Johann Christian Bach (1735—1782), the eleventh son of Johann Sebastian Bach, was born at Leipzig, Germany, and on the death of his father in 1750 became the pupil of his brother Carl Philipp Emanuel Bach at Berlin. In 1754 he went to Italy where he studied under Giovanni Baptista Martini, and from 1760 to 1762 held the post of organist at Milan cathedral, for which he wrote two Masseses, a Requiem, a Te Deum and other works. Having also gained some reputation as a composer of opera, he was in 1762 invited to London and there spent the rest of his life. For twenty years he was the most popular musician in England, his dramatic works, produced at the King’s theatre, were received with great cordiality, he was appointed music master to the Queen, and his concerts, given in partnership with Abel at the Hanover Square rooms, soon became the most fashionable of public entertainments. He is of some historical interest as the first composer who preferred the pianoforte to the older keyed-instruments; but his works, though elegant and pleasing, were ephemeral in character and have been largely forgotten.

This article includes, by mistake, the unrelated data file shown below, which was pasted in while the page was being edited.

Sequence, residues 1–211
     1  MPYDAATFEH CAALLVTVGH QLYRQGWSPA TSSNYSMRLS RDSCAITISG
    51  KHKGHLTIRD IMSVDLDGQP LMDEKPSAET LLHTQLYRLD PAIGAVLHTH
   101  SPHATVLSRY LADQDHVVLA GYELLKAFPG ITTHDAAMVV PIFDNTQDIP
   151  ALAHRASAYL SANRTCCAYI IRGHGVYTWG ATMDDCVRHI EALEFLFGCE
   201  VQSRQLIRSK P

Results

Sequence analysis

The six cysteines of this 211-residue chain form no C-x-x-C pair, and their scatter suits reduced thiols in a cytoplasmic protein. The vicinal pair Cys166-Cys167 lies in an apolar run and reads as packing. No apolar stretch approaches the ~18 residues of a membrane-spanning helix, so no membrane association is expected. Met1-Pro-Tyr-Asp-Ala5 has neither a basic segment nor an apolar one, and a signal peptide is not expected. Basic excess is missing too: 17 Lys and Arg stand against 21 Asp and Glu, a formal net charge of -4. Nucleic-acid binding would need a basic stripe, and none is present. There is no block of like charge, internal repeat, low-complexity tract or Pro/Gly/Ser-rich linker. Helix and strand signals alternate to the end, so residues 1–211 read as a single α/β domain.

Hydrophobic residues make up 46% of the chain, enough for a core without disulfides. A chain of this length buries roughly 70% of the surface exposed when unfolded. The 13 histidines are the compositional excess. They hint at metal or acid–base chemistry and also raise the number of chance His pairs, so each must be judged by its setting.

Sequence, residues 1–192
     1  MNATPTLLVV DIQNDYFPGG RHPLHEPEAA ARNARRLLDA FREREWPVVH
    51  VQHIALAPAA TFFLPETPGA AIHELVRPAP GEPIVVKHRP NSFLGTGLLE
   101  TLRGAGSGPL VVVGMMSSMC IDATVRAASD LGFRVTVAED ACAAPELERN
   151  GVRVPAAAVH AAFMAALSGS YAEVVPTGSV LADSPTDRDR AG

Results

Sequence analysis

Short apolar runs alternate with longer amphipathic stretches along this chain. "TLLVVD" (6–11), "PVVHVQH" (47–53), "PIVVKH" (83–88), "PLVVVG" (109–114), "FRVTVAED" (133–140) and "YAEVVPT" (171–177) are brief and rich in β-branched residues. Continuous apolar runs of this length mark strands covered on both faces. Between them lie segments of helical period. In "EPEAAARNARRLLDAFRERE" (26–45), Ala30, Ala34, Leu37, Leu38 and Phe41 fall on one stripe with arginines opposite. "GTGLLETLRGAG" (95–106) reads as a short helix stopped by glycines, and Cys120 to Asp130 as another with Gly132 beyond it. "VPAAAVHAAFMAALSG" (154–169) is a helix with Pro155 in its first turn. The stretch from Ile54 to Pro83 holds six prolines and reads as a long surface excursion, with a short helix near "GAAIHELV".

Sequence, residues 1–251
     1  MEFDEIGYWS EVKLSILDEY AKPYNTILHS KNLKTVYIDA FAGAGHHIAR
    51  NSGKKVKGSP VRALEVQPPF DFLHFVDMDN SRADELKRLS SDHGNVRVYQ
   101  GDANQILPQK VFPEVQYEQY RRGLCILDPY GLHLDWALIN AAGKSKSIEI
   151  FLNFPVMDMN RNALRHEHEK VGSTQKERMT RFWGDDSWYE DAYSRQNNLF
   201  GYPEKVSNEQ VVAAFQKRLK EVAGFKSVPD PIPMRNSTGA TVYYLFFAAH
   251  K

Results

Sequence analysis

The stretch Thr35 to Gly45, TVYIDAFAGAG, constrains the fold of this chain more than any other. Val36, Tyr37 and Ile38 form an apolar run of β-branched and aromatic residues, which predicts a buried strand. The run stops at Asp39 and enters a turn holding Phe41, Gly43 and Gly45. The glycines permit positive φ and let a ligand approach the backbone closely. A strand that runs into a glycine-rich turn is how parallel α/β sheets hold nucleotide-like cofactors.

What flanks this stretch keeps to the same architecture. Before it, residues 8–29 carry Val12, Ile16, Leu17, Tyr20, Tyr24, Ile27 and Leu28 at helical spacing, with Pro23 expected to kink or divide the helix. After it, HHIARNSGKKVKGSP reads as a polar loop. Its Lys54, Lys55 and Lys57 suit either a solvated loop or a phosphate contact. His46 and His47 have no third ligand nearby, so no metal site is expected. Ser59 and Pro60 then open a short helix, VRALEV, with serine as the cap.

A full account of J. C. Bach’s career is given in the fourth volume of Burney’s History of Music.
Adapted from the 1911 Encyclopedia Britannica.